August 25, 2010
By AOPA ePublishing staff
Part 61 flight schools are not subject to the regulations and fees intended for “private vocational programs,” the Arizona State Board for Private Postsecondary Education decided at a meeting Aug. 26.
The board considered reinterpreting current Arizona law in a way that would classify Part 61 flight schools as vocational schools, making them subject to regulatory requirements and fees similar to those in a controversial new California law. It decided that Part 61 schools do not generally meet the definition of a vocational program, and voted unanimously to take no additional formal action on the issue.
AOPA Western Regional Representative Stacy Howard testified about the potential effects of adopting a new interpretation of the law and argued that there is no clear applicability of state law to Part 61 flight training. Part 141 schools are explicitly exempted from the regulations in question, and Part 61 schools have always been considered exempt as well.
“The misapplication of this law could have done more harm than good and would have had a negative effect on the availability and affordability of flight training in Arizona,” said AOPA Vice President of Airports and State Advocacy Greg Pecoraro. “We appreciate careful deliberation of the board and its thoughtful decision on this matter.”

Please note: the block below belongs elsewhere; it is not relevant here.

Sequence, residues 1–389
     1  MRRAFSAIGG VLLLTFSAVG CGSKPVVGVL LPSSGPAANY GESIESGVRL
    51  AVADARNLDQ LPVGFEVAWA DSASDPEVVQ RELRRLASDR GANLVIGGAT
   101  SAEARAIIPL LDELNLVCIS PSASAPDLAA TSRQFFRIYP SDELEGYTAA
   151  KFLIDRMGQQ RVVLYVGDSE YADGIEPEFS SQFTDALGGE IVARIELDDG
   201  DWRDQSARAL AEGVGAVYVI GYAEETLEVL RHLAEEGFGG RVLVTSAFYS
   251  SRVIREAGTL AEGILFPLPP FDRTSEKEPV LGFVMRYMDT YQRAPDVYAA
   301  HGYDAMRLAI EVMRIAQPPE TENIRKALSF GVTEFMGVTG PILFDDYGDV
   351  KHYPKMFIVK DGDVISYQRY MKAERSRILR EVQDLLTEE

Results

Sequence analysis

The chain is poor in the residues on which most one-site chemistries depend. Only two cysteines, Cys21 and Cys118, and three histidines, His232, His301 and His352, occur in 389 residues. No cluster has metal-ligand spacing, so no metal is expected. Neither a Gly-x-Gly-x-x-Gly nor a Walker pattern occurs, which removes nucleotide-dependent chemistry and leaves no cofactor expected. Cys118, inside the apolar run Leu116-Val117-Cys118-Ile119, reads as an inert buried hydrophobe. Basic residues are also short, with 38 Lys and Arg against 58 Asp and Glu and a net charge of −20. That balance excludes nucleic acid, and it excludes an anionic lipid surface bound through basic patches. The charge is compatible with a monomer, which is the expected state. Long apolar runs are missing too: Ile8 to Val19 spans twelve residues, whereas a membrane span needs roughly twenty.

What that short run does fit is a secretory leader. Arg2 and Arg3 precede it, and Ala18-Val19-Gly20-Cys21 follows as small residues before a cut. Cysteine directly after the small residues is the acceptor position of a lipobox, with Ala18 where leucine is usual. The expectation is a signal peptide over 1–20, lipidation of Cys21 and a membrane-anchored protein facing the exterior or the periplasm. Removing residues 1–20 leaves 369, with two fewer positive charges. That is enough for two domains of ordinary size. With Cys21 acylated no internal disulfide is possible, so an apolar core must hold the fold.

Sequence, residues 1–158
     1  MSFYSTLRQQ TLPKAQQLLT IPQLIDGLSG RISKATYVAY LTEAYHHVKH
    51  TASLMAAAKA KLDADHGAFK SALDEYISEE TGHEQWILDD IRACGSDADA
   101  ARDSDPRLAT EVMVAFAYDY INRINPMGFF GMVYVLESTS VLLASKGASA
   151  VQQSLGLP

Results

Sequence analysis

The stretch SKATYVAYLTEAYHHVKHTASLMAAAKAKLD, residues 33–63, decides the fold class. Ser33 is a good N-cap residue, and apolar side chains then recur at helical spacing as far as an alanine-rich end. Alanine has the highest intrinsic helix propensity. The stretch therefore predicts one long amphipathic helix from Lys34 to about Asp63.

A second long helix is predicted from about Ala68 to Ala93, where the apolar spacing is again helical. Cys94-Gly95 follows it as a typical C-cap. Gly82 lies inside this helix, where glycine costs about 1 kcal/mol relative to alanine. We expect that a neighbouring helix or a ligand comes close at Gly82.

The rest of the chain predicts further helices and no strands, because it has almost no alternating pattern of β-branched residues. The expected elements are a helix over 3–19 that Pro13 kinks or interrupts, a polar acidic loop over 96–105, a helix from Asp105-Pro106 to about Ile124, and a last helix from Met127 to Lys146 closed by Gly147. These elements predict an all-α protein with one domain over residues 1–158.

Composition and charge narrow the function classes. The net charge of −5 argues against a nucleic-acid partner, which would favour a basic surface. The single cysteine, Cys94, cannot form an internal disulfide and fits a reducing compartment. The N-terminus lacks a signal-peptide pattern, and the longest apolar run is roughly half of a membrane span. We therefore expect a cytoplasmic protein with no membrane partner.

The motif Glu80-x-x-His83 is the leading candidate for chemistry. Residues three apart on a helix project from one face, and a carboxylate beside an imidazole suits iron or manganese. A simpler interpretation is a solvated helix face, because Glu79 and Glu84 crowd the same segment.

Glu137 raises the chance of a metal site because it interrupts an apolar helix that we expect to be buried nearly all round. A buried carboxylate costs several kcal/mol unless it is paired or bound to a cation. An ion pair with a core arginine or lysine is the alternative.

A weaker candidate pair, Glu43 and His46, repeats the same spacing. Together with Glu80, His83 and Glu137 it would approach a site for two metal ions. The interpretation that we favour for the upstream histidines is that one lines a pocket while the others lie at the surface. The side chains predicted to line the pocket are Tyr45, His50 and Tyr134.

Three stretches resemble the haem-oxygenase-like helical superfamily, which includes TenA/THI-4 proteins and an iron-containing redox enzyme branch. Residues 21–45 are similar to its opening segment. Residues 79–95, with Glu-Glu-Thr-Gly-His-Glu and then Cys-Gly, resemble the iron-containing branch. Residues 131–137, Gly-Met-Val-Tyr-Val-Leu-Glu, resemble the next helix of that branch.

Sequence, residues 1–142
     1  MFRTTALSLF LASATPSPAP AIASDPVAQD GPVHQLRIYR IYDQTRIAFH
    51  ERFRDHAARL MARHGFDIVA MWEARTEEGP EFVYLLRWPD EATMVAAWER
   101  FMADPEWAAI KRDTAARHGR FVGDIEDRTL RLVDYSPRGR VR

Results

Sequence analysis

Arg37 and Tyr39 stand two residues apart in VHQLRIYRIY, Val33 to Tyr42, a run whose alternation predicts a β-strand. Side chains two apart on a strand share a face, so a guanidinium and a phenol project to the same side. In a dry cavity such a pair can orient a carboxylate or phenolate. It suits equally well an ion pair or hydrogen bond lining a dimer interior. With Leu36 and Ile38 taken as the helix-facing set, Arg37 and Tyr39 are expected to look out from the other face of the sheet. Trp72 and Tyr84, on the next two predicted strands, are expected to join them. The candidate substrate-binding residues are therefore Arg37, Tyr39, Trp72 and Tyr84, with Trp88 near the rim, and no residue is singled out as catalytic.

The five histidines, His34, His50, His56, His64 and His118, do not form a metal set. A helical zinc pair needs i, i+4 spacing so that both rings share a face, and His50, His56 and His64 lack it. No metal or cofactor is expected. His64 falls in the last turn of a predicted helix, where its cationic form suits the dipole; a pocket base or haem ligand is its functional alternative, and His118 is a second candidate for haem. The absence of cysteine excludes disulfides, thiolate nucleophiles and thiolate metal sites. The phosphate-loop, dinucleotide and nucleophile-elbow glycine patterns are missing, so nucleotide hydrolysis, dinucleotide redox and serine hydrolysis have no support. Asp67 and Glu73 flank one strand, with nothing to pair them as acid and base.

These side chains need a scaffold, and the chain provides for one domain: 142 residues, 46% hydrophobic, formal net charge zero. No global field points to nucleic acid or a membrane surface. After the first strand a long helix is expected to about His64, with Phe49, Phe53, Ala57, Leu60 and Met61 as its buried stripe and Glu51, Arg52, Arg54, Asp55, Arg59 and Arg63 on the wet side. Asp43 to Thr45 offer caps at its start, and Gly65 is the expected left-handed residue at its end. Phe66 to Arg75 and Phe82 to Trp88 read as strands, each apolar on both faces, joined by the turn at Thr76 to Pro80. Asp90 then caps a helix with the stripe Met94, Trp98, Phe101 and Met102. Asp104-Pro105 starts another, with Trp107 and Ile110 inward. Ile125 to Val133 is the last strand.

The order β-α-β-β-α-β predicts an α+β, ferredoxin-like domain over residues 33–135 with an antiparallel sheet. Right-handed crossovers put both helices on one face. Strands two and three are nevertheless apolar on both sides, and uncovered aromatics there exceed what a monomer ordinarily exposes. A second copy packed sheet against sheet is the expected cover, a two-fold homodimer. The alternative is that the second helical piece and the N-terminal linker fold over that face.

As with the California law, the Arizona proposal was intended to protect the financial wellbeing of students. But AOPA explained that it could result in the same unintended consequences: saddling upstanding flight schools with a financial burden that may be insurmountable for some.
A state-of-the art medical facility on remote Tangier Island in the Chesapeake Bay serves as a lasting memorial to the late Dr. David B. Nichols’ dedication to providing medical care to the community for 30 years. Now, Nichols’ aviation legacy—flying a Cessna 182 or Robinson R44 to the island every Thursday to provide that care—is set in stone.
Daher-Socata announced that it had installed the first Garmin G600 and GTN 750 avionics in one of its 2004 TBM 700C2 airplanes.
Even brief flight under actual conditions can expose how well your basic instrument flying is serving.
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